California State University, Long Beach
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Pyramid Floor Gets Makeover

Published: November 1, 2012

Sometimes, change is good.

That’s the mantra Associate Athletic Director Billy Brady took when the CSULB Athletic Department was mulling over what to do with the Walter Pyramid floor late last year.

“We just wanted to update it, give it a different look and create some buzz around our program utilizing any different vehicle we have,” said Brady. “We’re always trying to create awareness for our program and hopefully that awareness leads to interest and that interest leads to somebody buying something about Long Beach State, whether it’s a shirt or a ticket to an event.”

The 18-story Pyramid, designed by Don Gibbs and built by the Nielson Construction Co. of San Diego, officially opened on Nov. 30, 1994. It has seen a few changes since then, most notably in March 2005 when it was officially renamed the Walter Pyramid in honor of former College of Business Dean Mike Walter and his wife, Arline, who donated $2.1 million.

It’s also had a few changes to the design of the main floor, but nothing quite like its most recent one, which aims to give it a more “beachy” feel. The new floor prominently features palm trees framing “The Beach” logo at midcourt. The key at both ends of the floor as well as the lettering on the baseline and sidelines match the color of the California palm trees and the color scheme that depicts beaches, which are not intended to feature school colors.

“We thought, ‘What signifies a beach-type atmosphere?’ and we came up with sand and palm trees,” said Brady, noting there were roughly 50 design iterations of what the floor could look like before those were whittled down. “At that point, we got the coaches involved, they provided their input and away we went. It was took about 10 months, but that counted when we first decided we needed to do something. It was much more active in the last 90 days before it was actually done, but it was a long process.”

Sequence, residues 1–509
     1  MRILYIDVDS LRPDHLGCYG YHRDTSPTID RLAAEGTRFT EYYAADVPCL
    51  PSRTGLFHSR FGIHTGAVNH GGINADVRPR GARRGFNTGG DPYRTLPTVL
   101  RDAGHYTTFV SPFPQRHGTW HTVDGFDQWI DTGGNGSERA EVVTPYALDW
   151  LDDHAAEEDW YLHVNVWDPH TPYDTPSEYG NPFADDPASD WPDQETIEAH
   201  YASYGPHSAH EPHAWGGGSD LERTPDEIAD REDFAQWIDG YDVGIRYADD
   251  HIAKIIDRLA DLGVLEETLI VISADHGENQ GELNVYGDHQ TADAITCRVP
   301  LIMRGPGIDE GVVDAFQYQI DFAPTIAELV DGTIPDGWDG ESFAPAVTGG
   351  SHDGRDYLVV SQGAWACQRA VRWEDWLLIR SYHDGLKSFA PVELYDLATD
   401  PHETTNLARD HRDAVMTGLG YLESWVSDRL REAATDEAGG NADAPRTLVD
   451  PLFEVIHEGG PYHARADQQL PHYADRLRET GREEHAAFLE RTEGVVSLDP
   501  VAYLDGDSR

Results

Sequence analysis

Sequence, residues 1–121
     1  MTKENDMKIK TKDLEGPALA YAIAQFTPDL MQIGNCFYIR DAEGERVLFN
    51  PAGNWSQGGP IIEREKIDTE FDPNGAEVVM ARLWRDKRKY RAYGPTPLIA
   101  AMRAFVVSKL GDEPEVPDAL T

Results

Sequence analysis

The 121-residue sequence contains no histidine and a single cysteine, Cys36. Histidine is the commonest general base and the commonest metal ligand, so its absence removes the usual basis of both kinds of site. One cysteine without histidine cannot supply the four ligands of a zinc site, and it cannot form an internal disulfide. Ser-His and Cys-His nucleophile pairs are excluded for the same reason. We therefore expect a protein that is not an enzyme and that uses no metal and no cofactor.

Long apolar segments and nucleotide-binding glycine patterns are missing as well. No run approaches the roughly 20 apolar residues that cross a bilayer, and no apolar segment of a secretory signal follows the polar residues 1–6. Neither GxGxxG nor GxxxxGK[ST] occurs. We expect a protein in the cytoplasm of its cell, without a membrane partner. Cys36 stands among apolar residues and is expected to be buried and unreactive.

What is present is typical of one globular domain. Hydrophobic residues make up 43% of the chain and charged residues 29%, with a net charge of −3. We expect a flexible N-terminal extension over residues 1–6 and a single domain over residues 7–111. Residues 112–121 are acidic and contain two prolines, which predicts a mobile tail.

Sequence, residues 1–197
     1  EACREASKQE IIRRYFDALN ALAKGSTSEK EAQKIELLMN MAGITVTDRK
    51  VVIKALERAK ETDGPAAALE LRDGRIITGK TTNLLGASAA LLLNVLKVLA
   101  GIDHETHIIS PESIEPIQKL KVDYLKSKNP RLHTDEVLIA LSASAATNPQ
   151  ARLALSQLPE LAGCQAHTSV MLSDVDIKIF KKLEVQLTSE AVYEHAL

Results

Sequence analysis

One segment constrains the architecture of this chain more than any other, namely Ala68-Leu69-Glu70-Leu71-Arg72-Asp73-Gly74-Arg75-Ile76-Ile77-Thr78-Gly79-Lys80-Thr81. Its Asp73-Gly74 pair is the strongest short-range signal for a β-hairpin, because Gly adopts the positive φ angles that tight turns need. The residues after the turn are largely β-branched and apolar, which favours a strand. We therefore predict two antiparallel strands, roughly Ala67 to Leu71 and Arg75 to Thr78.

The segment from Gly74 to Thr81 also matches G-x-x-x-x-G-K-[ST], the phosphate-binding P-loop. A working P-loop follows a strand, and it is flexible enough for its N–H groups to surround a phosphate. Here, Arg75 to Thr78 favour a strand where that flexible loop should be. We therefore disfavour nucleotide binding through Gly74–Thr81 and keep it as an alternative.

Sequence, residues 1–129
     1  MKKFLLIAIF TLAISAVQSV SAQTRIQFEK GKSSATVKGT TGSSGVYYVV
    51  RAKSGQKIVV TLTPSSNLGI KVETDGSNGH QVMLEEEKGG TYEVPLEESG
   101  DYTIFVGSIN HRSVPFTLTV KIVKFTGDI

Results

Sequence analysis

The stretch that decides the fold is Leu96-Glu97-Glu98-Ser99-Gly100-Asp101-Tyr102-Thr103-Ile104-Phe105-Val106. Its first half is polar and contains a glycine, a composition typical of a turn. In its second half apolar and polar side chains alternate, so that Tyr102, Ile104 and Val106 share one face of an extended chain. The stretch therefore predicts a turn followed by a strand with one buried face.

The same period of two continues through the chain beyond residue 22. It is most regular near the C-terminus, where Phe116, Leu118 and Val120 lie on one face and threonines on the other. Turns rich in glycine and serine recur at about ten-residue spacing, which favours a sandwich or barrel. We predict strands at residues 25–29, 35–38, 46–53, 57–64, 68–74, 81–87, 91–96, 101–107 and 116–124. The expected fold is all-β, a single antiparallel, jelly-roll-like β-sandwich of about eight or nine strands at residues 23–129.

Brady said it was pretty much an in-house project because the department has “three people who are really good in Photoshop.”

“It was all done in-house,” said Brady, “but I did send it to a few agency friends of mine just to get their thoughts on what we were trying to do and they were on board and understood it. The beachy aspect is our theme. They really liked what I showed them.”

Pyramid floor

Brady also said the time for the change was just right because the floor was due to undergo its scheduled maintenance.

“There’s only so many shavings (sandings) this floor has and we thought this was going to be the last time it could be sanded,” he added, “but we think we’ll get one more so the design change was done to kind of change things up. We think it adds more to our brand.”

Brady was thrilled with the initial response, noting that the floor redesign was the second story on Yahoo the day after astronaut Neil Armstrong died and the New York Daily News did an online story.

“I got e-mails from people telling me we were on Yahoo so we got some good play early,” said Brady. “We’re confident that throughout the fall and once we have some televised events in the building it will create a little more interest in what we do.”

As for having any second thoughts about the final design, Brady says he has none whatsoever.

“I gotta be honest though,” he joked, “I was a little scared when the paint was going down. We couldn’t have palm trees with green leaves because that would have been too distracting. We went with one base color with a sandy, beach-themed color and I think people could get attached to that. A lot of people said it was a cool-looking court. A line on Yahoo said it was ‘subtle, but distinctive’ and I think that pretty much sums it up.”